What does agriculture have to do with being a Catholic deacon?
Think of it this way: planting, growing, nurturing, harvesting. Does that sound familiar?
When Deacon Randy Saake surveys the Mesa Harmony Garden that he started 11 years ago on vacant land behind Holy Cross Church in Santa Barbara, he sees more than the 115 fruit trees that produced 1,800 pounds of organic produce donated to local charities last year.
“This garden,” said Saake, “fulfills our vision: to teach others how and what to do, not just in growing food and sharing it with the community, but in working together to serve the greater good — feeding the hungry, caring for the environment, working in harmony for a common purpose.”
Smiling, he added, “There is a lot you can do in a small space.”
Indeed, Mesa Harmony Garden occupies barely three-fourths of an acre on the northwest end of Holy Cross’ property, down the slope from its parking lot. But its presence has become a fixture in southwest Santa Barbara’s Mesa neighborhood, sandwiched between Highway 101 and the Pacific Coast. And despite the global pandemic that struck in 2020, last year saw the garden’s largest yield of donated produce in its history.
“When we were getting started 10 years ago,” Saake said, “people would walk by this vacant space, see us trying to make a garden, and just shake their heads.”
“Now,” said Hugh Kelly, Mesa board president and among the first people to volunteer at the garden in 2010, “you’ll see more people working here just about any Saturday, and it’s become quite an attraction. Over the years, in fact, I’d say hundreds have volunteered here in one way or another.”
More than 800 people are on the garden’s email list “to stay aware of what we do,” he said. “And if we ever need volunteers for planting or harvesting, we get a great response. Weeding? Not so much,” he said.
Recently, pandemic protocols have limited the volunteer labor force to one gardener at a time (versus 12 to 15 in normal times), though with Santa Barbara County recently reaching the orange tier of California’s COVID-19 reopening system, that may change. But there is no limit to the enthusiasm with which Mesa’s supporters have embraced their “food forest” project.
Saake has put his background in construction to good use in improving the irrigation and water-capturing systems in the garden, including a “deep drip” system that measures precisely how much water is required without wasting any, “very important in dry times like this year.”
“This garden is a practical demonstration of permaculture and organic principles applied to urban food production,” he explained. “Growing more sustainable local food enhances food security, and helps build self-reliance and a resilient local community.”
Kelly, originally from the north of England, is a certified permaculture designer, a master gardener with the UC Cooperative Extension Service, and runs a pilot program to train and support farmers in East Africa to create sustainable livelihoods. For Mesa Harmony Garden, he oversees a group of lead volunteers who care for the garden.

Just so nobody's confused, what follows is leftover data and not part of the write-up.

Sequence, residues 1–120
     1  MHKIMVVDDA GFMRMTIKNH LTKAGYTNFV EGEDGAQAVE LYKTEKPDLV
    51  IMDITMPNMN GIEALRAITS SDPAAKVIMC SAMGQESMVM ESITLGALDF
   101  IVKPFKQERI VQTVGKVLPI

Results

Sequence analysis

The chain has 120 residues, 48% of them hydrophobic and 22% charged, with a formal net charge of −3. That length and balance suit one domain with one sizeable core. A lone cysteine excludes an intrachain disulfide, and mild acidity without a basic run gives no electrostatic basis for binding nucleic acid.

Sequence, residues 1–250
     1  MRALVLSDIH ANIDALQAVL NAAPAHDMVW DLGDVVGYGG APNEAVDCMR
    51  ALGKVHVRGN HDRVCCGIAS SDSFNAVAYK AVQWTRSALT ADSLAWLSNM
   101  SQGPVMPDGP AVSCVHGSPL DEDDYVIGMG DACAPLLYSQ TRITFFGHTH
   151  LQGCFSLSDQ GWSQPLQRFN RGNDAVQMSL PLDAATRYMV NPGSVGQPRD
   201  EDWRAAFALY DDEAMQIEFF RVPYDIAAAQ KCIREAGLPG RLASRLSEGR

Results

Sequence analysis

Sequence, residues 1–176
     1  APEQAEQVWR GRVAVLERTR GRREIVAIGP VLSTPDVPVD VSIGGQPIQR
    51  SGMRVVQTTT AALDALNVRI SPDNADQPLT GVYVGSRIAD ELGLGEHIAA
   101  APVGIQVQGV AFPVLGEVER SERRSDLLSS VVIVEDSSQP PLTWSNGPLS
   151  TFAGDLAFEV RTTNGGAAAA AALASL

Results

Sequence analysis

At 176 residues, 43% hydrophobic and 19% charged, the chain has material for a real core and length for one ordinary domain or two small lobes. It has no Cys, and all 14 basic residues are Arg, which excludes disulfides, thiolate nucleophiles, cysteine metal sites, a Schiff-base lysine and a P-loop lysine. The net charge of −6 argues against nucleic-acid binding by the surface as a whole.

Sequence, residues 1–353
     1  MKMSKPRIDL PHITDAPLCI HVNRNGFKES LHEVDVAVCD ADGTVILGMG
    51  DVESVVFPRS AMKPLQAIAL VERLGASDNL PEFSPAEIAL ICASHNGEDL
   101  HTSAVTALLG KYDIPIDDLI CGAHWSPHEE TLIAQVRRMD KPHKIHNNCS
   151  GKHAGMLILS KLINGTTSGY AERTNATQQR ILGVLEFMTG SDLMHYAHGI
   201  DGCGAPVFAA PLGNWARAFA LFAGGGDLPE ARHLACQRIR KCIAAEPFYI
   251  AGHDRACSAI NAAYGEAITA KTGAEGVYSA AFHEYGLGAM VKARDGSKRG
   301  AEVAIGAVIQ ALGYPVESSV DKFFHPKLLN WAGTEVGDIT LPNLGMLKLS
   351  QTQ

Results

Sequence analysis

“There is a three-dimensional aspect to this garden,” he said. “One, of course, is growing and raising food to feed the community. Second, it’s bringing the community together in civil and social volunteering to engage in a common purpose. And finally, it’s educating the community on what kind of landscaping can be done even in a small space.”
That includes educating them on a basic aspect of nature: growing takes time.
“People in today’s world often want instant gratification, but nature doesn’t work that way,” said Kelly. “To do this project is a long-term commitment, and you need to be prepared to sustain it long-term.”
The volunteer force includes Holy Cross parishioners, Santa Barbara City College students, Americorps and the Orfalea REACH program volunteers, and folks from the Mesa community who simply want to help. The work is supported by donations from community members and organizations to meet the costs of planting, watering, and maintenance.
In the beginning, in fact, Santa Barbara Foodbank, a principal beneficiary of the garden’s bounty, helped the garden grow by sharing a grant “so we could buy the first 70 trees,” said Saake, who envisioned this project as a ministry from the start.
“We had the vacant land, and I thought maybe we could plant something here and offer it to our neighbors,” he said. “But this,” he added, gesturing toward the blossoming orchards, “is far beyond my expectations. We were fortunate to meet people like Hugh who had ideas on what a sustainable food forest could be, and it’s evolved over the years.”
Certainly, the homegrown fruit — apples, peaches, plums, oranges, avocados, nectarines, pears, bananas, and multiple varieties of each — are appreciated by their recipients. But like the fish and loaves that fed the multitudes, they are a means to a greater end.
“The garden,” he said, “has become a meeting place for the community, where everyone is welcome, they get to know one another and they become more aware of their neighbors and their environment, and how they can serve residents in need.”
And that sounds like a good definition of “ministry.”